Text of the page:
“Surround yourself with the best people you can find, delegate authority, and don’t interfere.” – Ronald Reagan
I have said for the last few years, “unspoken expectations will be unmet expectations every time!” While that might be an extreme statement, it is meant to convey the reality of the principle, tasks must be given with authority and expectations.
There will be limited success if a task is given without the proper authority and expectations. Authority allocates the power needed to accomplish the task, expectations ensure the task will be completed in the desired way.
However, giving the proper amount of authority and expectations only ensures the task or project is started off correctly. In order to ensure it stays on track there must be a level of accountability.
This is where leaders or managers tend to struggle. For most, accountability becomes synonymous with either, micro management or authority. I’ve heard it said, when you delegate a task you get to determine it’s outcome, but not how it looks before it gets there. Micro-management demoralizes and exhaust initiative. Giving authority alone can create anxiety from wondering if what is being done is actually what the leader is wanting done. Or worse, confidence in what is being done is what is desired, only to find out at delivery that the task was completed incorrectly.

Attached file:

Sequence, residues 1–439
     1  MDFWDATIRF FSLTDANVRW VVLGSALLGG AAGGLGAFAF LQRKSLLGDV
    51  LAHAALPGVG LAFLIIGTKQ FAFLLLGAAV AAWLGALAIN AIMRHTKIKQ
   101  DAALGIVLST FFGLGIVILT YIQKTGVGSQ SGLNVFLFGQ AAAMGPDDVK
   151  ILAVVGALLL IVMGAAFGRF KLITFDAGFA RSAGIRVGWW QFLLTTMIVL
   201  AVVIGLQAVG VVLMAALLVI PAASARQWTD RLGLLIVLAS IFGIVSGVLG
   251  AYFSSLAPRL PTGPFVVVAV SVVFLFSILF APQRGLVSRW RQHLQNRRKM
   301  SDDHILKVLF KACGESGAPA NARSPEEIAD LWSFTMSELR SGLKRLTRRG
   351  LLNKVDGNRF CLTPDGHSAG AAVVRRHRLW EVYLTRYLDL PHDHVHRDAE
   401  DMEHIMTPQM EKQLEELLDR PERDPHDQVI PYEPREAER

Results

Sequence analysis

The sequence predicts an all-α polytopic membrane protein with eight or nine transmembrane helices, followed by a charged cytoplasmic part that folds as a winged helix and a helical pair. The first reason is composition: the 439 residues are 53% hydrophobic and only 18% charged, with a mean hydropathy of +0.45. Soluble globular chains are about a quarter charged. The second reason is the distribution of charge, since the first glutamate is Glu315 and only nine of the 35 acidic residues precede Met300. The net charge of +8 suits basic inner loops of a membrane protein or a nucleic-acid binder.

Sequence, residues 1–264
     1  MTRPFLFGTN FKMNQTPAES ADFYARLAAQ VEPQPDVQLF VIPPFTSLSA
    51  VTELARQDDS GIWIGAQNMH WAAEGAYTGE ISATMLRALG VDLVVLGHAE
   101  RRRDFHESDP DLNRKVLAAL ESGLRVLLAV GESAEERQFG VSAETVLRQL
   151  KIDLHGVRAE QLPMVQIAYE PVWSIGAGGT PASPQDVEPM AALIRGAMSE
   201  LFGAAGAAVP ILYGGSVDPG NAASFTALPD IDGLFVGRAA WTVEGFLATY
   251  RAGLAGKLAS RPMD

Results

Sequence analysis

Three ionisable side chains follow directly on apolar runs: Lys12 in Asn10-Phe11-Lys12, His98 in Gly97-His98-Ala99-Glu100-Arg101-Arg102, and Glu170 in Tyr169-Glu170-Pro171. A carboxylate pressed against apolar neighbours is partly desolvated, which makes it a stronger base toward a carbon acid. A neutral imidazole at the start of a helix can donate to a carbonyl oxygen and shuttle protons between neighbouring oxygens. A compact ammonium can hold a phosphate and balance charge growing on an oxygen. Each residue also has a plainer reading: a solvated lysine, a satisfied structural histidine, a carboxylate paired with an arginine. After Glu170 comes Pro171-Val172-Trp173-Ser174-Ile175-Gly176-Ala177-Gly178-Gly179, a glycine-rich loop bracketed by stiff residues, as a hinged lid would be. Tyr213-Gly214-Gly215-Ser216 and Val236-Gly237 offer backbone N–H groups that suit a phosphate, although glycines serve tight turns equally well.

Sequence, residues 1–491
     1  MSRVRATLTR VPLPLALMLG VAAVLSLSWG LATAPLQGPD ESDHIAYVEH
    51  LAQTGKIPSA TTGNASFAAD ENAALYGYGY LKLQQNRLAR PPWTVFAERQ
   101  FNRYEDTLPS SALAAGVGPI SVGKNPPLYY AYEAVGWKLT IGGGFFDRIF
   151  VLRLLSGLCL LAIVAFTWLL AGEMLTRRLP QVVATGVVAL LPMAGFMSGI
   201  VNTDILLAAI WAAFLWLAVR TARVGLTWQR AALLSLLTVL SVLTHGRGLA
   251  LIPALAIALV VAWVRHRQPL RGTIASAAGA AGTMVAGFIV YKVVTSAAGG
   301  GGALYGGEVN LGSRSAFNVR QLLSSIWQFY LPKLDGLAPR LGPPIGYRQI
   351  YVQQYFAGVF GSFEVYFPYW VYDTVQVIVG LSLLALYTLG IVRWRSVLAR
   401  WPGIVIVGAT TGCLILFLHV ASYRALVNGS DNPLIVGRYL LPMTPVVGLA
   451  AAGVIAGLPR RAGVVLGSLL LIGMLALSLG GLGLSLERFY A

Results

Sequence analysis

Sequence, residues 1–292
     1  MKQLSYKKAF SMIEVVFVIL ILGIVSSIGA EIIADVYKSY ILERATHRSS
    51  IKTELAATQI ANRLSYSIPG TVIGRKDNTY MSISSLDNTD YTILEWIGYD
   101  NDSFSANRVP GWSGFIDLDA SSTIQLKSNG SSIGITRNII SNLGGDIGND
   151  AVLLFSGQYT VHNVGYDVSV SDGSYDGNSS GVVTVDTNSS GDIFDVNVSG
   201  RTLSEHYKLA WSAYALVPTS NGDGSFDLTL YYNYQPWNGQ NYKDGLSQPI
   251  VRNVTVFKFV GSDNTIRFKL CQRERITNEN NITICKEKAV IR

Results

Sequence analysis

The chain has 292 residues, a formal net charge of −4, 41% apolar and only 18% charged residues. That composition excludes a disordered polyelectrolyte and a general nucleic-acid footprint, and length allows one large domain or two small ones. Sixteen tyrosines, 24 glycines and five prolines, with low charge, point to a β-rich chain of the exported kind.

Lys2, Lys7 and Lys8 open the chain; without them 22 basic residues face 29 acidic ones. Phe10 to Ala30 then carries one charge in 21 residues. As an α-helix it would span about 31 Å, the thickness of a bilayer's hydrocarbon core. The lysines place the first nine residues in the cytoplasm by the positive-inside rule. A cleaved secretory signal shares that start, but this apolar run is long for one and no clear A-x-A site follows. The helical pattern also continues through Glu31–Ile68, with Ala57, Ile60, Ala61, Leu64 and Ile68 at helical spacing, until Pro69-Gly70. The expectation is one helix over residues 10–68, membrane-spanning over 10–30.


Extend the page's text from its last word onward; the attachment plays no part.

Accountability can be a series of direct-report meetings over time,with the leader asking questions to determine the condition of the direct and the status of the task. This process allows the direct to maintain given expectations, or pivot as necessary; as well as giving the leader a clear, over-all understanding of the project, allowing him to encourage or admonish as necessary. Thus being being involved with the project or task through the end, with out having to “manage” every detail.
How do you manage or delegate without micro-managing?
What keeps leaders from sharing expectations?